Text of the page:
In order for Google to succeed in its goals to create the perfect search engine for users, they do need your help. They offer plenty of information on their own, but their goal is not to push out other webmasters but to encourage them to get on board with the new method of search. The better your website, the more relevant your content, the better Google looks when they present it to the user, so believe it or not, they do want you to succeed.

Website Owners Competing With Google

One of the toughest issues surrounding this change is the competition level that has been created. Google’s knowledge graph is focusing on answering the questions that searchers are asking and not directing them to other websites. What this means to a website is more competition. Not only do the website owners have to compete with other sites and still fight to become relevant in the search rankings to have Google display their site, but they also have to compete against Google itself.

So, when someone asks a question in Google, and Google displays the answer, what are the chances the searcher will move from the information given by a company they already know and trust to another listed site?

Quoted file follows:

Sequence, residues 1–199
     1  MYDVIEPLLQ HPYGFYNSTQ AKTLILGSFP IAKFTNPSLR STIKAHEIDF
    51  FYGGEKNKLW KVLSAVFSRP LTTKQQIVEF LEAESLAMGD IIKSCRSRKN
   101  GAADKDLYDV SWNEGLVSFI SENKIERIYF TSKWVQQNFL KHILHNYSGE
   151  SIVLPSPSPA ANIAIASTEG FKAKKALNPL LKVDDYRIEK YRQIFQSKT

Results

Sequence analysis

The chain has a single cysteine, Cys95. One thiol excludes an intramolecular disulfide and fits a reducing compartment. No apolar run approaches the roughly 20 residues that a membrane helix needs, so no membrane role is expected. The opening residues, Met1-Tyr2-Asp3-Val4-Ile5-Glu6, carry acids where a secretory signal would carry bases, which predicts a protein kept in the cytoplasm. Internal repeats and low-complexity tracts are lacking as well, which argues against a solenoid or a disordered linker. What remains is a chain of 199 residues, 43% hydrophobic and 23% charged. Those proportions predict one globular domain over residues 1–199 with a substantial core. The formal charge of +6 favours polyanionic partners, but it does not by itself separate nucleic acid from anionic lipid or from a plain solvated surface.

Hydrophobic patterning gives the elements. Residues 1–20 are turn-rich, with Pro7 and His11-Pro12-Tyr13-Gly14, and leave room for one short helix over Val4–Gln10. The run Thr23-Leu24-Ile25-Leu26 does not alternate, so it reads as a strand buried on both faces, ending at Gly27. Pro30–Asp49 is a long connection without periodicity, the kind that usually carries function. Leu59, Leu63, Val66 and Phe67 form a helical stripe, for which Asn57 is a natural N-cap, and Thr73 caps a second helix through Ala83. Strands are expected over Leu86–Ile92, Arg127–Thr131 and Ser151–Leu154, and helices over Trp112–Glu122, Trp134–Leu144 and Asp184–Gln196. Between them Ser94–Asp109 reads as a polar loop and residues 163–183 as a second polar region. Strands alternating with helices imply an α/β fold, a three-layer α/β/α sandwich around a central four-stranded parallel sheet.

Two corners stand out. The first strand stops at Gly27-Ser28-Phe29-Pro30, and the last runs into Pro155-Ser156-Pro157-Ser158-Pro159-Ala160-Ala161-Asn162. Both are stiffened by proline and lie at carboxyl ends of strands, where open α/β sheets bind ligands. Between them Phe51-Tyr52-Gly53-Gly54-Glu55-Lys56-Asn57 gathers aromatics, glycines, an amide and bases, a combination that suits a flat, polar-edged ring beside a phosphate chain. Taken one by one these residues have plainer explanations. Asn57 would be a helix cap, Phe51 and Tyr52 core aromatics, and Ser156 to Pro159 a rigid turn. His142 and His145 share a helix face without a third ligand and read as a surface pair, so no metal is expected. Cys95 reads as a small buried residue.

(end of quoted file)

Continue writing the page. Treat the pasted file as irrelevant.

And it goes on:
What Website Owners Can Do

Website owners need to understand that Google does not have a monopoly on semantic search. Websites can still compete with the Google knowledge graph by utilizing semantic search as a way to create content for their site.

Google can quickly answer some questions, but not all. That is where other websites need to step up and get noticed. If a user inputs a question asking how long the Amazon river is, Google can quickly answer that without directing them to another website, but if someone asks the best ways to save money on their tax return, Google obviously cannot answer that without directing the user to a valuable site containing the answers.